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  • Writer's pictureSimone

Just Tryin' To Help

Currently reading: ElfQuest The Final Quest Vol. 2 (just finished), Wintersong by S. Jae-Jones

Quarantining my volunteer clothes on top of the fridge.

Back in October, I started looking up volunteer opportunities related to the pandemic because my job has been closed since March and despite all the creative projects I've been working on, I have a little toooo much free time. Score one for the rat race, I guess.

I'm also not a high-risk person when it comes to Covid-19, and it seemed like the right thing to do. So I came across CORE, the disaster relief organization co-founded by Sean Penn, that runs several big testing sites, and I signed up online to become a volunteer. Since then, once a week, I've been getting up wayyyy earlier than I normally do, and hauling myself out to stand in the elements with a lot of safety gear on and demonstrate through car windows how to take the "self-administered oral test."

"Do not put it in your nose! No!"

It's been hilarious/frustrating to see how poorly people follow directions, but also rewarding because so many of them are openly grateful for our help. I've tried to be as positive and patient as I can, and it's always nice when people wave goodbye and tell me to "Stay safe," etc. The staff is made up of mostly twenty-somethings, fresh out of college and often overwhelmed, but they have the energy and they do a great job. The other volunteers are often retired folks, so there aren't a lot of people in my age range, but it's been interesting to chat with them all.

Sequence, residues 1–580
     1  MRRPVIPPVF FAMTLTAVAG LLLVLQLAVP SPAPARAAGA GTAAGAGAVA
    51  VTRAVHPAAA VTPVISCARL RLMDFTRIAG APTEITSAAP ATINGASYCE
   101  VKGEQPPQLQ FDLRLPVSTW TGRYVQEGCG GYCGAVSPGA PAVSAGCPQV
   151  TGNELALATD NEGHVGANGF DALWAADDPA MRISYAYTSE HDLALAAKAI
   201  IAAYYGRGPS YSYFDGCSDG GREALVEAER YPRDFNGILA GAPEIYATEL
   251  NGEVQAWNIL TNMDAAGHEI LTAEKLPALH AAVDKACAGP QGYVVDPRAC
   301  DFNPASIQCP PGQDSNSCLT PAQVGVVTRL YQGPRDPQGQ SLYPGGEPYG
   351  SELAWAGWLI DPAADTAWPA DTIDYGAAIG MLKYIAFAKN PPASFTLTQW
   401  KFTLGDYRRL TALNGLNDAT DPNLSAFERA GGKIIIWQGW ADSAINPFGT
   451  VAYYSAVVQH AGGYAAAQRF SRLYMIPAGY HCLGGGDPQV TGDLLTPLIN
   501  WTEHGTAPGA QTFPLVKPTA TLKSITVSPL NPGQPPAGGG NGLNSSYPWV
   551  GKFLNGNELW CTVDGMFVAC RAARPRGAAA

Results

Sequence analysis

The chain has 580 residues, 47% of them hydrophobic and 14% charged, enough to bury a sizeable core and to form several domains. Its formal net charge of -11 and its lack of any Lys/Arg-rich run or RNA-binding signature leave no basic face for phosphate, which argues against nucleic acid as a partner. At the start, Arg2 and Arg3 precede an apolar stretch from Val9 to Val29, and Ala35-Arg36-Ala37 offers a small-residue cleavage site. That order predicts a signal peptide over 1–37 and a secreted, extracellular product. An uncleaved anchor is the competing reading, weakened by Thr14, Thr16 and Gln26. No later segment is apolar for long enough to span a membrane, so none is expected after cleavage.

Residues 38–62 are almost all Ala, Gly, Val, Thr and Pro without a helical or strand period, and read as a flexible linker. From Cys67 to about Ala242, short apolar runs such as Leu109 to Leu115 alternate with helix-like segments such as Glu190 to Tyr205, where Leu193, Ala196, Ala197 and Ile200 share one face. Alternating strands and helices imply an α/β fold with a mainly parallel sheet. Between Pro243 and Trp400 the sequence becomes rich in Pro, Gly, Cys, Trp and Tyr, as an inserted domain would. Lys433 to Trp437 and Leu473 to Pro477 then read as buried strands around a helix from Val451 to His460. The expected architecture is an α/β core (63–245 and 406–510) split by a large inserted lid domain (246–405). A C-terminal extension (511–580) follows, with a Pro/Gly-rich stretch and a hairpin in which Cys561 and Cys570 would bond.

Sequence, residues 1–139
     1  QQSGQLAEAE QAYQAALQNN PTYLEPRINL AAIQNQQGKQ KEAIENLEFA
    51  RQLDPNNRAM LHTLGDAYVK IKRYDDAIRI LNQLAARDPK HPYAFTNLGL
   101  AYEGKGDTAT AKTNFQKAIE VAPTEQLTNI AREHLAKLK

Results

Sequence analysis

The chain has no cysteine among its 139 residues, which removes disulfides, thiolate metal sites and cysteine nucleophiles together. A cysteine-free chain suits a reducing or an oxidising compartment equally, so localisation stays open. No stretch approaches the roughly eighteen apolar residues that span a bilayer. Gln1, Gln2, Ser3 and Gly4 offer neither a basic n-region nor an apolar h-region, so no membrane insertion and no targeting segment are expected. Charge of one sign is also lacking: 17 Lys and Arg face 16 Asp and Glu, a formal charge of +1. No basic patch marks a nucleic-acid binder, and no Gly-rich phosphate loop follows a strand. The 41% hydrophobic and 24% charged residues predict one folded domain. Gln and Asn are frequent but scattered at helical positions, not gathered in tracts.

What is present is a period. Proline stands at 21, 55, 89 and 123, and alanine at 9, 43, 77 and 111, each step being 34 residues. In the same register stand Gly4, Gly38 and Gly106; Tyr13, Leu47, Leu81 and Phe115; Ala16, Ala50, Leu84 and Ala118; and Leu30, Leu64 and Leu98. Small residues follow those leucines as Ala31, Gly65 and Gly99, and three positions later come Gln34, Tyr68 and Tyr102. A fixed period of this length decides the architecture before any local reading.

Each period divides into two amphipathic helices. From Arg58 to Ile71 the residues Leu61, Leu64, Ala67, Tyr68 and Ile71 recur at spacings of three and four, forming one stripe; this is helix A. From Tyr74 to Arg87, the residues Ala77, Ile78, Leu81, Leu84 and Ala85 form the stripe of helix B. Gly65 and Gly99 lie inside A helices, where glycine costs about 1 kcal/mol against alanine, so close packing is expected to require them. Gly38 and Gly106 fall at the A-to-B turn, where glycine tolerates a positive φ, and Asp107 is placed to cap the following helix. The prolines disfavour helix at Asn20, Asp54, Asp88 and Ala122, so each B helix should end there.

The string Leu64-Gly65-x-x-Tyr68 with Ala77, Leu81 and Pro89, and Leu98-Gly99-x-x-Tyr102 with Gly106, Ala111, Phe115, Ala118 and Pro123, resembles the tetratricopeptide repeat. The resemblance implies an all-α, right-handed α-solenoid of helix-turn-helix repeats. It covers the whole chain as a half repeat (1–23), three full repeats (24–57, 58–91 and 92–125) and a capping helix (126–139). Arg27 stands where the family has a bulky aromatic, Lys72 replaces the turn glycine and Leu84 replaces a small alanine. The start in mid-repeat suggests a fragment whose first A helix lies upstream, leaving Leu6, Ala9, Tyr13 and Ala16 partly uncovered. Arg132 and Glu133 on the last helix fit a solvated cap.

We've had cold days, when everyone disappeared into their cars on break; windy days, when all the parking cones, barriers, and canopies started blowing away; days so hot that I went home with a headache and lay in bed; and one heavy rainstorm that I luckily avoided! If you don't normally work outside all day, you might not know it can be a wild experience, even in a mild climate like ours in L.A.

Since last Friday, however, everything has switched over to vaccinations instead of testing - very suddenly and with almost no time to prepare. There were camera crews on site and Sean Penn showed up, and everybody was figuring things out as they went along . . . in 86 degree weather in January! But they made it work. These guys are honestly so inspiring.

So now, once a week, I'll be doing things like directing cars and timing the 15-minute wait after the shots. (Don't worry, I will not personally be injecting anyone.) I don't know how much longer it'll be before my job restarts and I'll have to drop out, but I'm happy that I was able to participate for at least a few months.

We're gonna beat this thing.

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